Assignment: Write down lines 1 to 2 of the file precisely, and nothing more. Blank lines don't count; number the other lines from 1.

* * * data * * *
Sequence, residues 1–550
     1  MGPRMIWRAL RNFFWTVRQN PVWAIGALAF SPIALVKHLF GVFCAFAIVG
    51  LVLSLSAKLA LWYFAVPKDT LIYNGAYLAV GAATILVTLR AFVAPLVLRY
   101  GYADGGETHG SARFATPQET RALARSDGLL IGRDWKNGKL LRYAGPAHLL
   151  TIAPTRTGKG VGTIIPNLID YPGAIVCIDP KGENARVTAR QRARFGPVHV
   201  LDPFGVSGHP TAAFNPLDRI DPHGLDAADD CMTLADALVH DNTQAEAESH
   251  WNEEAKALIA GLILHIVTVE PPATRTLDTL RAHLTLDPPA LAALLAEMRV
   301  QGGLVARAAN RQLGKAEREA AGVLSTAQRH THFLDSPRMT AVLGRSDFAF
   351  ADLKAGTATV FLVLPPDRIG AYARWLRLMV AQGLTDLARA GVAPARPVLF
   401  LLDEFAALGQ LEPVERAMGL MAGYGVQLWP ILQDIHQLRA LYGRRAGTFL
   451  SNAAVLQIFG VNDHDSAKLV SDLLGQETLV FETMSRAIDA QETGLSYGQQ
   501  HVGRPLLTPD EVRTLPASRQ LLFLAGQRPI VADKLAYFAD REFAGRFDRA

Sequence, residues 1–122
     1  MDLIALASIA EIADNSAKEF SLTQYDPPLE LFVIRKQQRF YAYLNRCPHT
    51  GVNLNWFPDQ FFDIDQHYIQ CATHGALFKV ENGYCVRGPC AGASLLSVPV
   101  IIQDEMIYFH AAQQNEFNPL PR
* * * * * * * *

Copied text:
Sequence, residues 1–550
     1  MGPRMIWRAL RNFFWTVRQN PVWAIGALAF SPIALVKHLF GVFCAFAIVG